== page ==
Excavating a Roman Town at Sandy, Bedfordshire
Between April and October 2018, archaeologists from AOC’s London office excavated a Roman settlement in Sandy, Bedfordshire. Our investigations have uncovered the edge of Sandy’s substantial Roman town including the foundations of a town wall, which was made from local iron stone bound by mortar. Significantly, this is the first Roman town wall to have been excavated in Bedfordshire and it presented a surprise for the excavators, as no evidence previously existed for a Roman town wall in this location.
Within the area enclosed by the town wall we have revealed property boundaries, an industrial zone and many pits filled with household waste, such as animal bones and pottery. Outside the town wall, we discovered a funeral pyre, used to cremate the town’s dead. Cremated remains were also found, buried in graves along with fine ceramic vessels. Evidence of Saxon occupation after the end of Roman governance was also discovered outside the town’s walls, in the form of a Saxon house at the edge of the site (below, right).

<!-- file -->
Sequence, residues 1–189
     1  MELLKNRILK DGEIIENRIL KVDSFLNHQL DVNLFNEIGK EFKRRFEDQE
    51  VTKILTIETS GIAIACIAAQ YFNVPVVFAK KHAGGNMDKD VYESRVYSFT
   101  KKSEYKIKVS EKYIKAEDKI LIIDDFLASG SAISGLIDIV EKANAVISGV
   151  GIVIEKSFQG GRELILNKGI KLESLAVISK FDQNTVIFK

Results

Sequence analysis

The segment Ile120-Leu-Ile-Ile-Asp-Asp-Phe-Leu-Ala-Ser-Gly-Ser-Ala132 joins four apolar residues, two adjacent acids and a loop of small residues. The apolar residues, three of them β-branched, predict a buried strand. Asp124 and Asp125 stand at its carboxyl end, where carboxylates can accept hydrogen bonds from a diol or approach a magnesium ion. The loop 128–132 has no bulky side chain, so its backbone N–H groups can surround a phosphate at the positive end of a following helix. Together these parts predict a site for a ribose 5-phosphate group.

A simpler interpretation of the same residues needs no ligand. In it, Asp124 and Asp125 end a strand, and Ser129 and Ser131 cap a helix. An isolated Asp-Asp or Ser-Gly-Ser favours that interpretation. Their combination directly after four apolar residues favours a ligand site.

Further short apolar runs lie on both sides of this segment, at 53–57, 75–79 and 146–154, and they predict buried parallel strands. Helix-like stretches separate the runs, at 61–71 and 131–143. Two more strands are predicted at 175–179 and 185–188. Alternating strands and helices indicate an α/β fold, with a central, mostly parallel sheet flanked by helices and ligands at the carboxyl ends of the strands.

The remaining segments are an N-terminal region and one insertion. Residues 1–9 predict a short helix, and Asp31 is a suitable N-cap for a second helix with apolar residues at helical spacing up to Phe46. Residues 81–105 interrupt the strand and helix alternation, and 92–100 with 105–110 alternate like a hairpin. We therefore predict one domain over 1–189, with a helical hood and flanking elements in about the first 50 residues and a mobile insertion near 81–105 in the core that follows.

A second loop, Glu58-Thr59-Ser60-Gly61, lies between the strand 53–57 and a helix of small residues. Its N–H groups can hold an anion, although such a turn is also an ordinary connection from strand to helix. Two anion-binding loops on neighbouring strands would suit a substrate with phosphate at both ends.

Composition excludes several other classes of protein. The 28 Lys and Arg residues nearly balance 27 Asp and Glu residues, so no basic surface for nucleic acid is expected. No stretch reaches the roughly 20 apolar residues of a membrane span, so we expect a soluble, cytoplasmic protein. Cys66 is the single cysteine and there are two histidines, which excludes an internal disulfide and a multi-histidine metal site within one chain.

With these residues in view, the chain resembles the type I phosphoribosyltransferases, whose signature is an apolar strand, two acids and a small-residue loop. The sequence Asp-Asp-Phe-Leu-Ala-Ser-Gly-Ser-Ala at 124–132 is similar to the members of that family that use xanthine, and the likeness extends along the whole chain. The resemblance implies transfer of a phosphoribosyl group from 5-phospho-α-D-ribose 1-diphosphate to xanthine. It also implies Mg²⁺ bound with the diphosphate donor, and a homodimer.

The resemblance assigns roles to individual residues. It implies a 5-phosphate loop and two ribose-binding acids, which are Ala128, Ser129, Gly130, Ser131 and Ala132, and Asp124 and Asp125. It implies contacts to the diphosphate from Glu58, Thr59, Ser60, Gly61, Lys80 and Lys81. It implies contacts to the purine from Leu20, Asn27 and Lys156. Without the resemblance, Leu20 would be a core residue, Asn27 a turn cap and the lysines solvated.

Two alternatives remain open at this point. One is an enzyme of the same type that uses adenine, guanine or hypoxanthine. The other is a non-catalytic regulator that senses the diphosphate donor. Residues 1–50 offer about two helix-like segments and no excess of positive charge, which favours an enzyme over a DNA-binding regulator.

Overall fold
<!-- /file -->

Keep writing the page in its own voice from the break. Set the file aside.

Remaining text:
A linear feature has been interpreted as a Roman road leading into the town and runs parallel to the modern road passing the site. Further analysis of the finds from the site will allow us to form detailed interpretations of what life was like in Roman Sandy.
Below, L-R: a Roman bone pin; the site during excavation; traces of a Saxon house